Carroll Board of Education allows all students to start playing fall, spring sports regardless of grades

Matt Miller, an English teacher and varsity football coach at Winters Mill High School, told Carroll County Board of Education members he’s concerned students who have fallen behind academically this year will not have an opportunity to participate in athletics during the next school year.

“I don’t know what the perfect solution is,” he said, adding that he hoped a resolution could be reached so students have a chance to play next school year. Board members then voted unanimously Wednesday night to grant all students eligibility to participate in fall and spring season sports this school year.


However, students who would have been ineligible must have passing grades by the interim marking period. And the new measure only applies to this school year.

The COVID-19 pandemic has caused school systems to rearrange their sports seasons. Carroll athletes are finishing winter sports this week before beginning fall sports Saturday and finishing the year with spring sports in April, with all seasons in abbreviated forms.


The board voted to start the winter sports season Dec. 7 during a Nov. 11 meeting and also voted for the second-quarter grades, distributed Feb. 9, to determine eligibility for the fall sports season. At the time, students had to maintain a 2.0 grade-point average and have no failing grades.

First-quarter grades later revealed a high volume of F’s were given, and CCPS staff wanted to give the board a chance to reevaluate for the fall and spring sports played between February and June. They were presented with four options:

  • Maintain the current standard;
  • Require students to be earning passing grades in all classes with no GPA requirement;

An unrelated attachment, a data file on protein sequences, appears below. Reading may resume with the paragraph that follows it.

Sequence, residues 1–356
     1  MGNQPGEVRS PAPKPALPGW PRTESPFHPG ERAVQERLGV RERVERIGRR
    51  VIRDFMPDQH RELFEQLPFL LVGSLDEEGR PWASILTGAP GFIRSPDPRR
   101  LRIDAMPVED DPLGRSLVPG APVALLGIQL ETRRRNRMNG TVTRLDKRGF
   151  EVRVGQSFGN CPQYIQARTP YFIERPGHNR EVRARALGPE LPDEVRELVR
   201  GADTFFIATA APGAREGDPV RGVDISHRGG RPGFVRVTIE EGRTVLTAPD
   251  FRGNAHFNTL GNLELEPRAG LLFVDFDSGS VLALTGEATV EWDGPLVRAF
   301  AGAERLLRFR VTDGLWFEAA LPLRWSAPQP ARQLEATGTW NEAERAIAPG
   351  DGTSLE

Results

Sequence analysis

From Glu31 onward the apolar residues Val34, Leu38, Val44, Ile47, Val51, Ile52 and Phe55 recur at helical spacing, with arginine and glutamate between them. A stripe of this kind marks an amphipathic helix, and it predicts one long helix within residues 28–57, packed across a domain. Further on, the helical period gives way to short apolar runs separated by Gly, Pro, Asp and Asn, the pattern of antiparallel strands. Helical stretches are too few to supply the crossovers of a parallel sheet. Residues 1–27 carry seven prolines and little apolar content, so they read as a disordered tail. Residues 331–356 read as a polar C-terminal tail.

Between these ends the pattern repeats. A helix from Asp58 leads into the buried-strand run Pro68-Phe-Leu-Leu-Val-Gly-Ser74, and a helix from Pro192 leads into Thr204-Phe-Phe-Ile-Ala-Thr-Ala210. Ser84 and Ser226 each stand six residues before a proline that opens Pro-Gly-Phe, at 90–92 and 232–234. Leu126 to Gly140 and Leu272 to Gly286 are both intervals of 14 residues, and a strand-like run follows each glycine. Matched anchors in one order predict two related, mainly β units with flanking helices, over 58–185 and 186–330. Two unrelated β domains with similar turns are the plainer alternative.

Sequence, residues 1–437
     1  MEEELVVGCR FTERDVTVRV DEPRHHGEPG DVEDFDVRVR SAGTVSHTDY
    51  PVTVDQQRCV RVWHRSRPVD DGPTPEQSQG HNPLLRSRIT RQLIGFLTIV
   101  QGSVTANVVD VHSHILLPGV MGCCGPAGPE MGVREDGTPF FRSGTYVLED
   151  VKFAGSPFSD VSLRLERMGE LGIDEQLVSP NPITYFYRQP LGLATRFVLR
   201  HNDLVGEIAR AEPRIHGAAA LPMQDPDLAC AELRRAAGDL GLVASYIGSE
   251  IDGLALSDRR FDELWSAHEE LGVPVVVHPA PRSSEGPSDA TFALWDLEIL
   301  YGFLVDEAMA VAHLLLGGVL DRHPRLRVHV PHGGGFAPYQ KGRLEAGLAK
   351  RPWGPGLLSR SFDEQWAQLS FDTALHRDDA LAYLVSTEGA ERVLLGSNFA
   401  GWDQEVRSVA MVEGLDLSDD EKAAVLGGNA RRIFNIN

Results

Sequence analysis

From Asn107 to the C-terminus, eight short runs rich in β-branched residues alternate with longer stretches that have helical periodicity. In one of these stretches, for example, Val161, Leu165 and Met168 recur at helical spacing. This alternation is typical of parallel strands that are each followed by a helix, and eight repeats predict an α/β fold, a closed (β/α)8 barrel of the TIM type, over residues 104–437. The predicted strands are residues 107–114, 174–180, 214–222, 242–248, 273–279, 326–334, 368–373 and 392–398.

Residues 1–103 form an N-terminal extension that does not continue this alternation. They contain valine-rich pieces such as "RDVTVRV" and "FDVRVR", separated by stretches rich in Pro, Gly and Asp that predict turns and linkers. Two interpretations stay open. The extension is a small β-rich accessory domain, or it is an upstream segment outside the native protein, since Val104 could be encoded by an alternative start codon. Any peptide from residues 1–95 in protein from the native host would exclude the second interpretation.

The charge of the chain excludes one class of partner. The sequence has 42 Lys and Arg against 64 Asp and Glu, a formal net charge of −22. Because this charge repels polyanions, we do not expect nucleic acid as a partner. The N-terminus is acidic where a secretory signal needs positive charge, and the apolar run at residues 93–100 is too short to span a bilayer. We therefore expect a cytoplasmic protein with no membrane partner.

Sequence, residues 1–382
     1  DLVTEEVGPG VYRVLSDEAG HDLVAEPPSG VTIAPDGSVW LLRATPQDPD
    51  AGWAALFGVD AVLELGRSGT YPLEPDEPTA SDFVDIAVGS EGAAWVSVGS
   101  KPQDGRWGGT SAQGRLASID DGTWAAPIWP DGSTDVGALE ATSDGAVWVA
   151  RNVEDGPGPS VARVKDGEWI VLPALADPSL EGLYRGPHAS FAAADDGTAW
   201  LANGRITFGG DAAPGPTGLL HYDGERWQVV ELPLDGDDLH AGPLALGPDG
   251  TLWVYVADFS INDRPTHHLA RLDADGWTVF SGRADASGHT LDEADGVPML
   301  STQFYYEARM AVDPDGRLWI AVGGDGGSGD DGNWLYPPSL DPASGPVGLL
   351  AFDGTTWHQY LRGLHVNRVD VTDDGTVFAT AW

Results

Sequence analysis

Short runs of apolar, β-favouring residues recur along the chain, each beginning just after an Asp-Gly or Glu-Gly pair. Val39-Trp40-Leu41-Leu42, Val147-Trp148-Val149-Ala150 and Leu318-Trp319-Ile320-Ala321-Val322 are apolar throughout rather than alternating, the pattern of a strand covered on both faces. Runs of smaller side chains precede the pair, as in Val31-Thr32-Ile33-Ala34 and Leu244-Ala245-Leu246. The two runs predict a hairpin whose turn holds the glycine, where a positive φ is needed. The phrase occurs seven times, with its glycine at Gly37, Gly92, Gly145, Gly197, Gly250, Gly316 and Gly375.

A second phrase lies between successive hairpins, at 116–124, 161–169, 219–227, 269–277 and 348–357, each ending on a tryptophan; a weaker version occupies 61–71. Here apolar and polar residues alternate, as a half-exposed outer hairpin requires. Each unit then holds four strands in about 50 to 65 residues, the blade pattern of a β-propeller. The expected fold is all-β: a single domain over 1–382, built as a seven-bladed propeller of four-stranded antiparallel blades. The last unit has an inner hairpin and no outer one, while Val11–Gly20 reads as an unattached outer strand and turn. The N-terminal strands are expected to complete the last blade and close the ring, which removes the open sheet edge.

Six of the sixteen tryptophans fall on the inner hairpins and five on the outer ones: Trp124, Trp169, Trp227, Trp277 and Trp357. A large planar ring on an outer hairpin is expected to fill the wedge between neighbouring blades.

• Allow all students to be eligible at the start of the seasons but require passing grades midway through; or
  • Grant eligibility to all students.

With fall sports beginning Saturday, Miller said an “inordinate” number of students applied for restrictive eligibility, which is a contract signed off by the athletic director and principal that allows students to participate in practice until grades improve. Students have only one chance to use it throughout their high school careers.

“And that’s something that never happens in our program,” Miller said. “Very rarely do we help ineligible students.”


Board member Ken Kiler said he liked the third option.

“It seemed unfair to make them be held to the original standard,” he said.

Board President Marsha Herbert said she wants to go back to the original standard next school year but suggested making all students eligible for the fall and spring sports seasons to be fair to all athletes.

“I don’t think it’s fair to the fall sports and the spring sports to change,” she said.

Board member Donna Sivigny said she’s leaning toward that option as well due to failing grades and issues with student engagement.

Carroll supervisor of athletics Michael Duffy said he worries that option would cause teachers to lose that “hook” or incentive. He said most coaches are pushing and prioritizing education and have an education background but some do not.

“We strive and we pride ourselves upon being an education-based athletic program,” Duffy said. “And I truly worry, if we remove the eligibility and academic component, we have essentially created a school-based club program.”

He said he favors the protocol in option three.

“If we were going to do that, we should have done it for the first group,” Herbert said. “It’s not fair. We’re not being fair then to the group that’s finishing up the winter sports.”

Sivigny said she understands where Duffy is coming from and that there needs to be some sense of accountability.

Kiler said he thinks he is in the middle. Board member Patricia Dorsey said she likes option three “because it’s sort of like a compromise in one sense,” and board member Tara Battaglia agreed.

“If we weren’t in hybrid, it’d be something completely different,” she added.

Student representative Devanshi Mistry said she’s also on the fence noting the importance of accountability but also of extracurriculars, especially to those struggling with mental health.

Board members eventually agreed to the third option but with amendments that only the students who would not have been eligible when the season started are required to improve their grades by the midway point.

The midway point for the third quarter is March 5, the same day games begin for the fall season, and the midway point for the fourth quarter is April 13.

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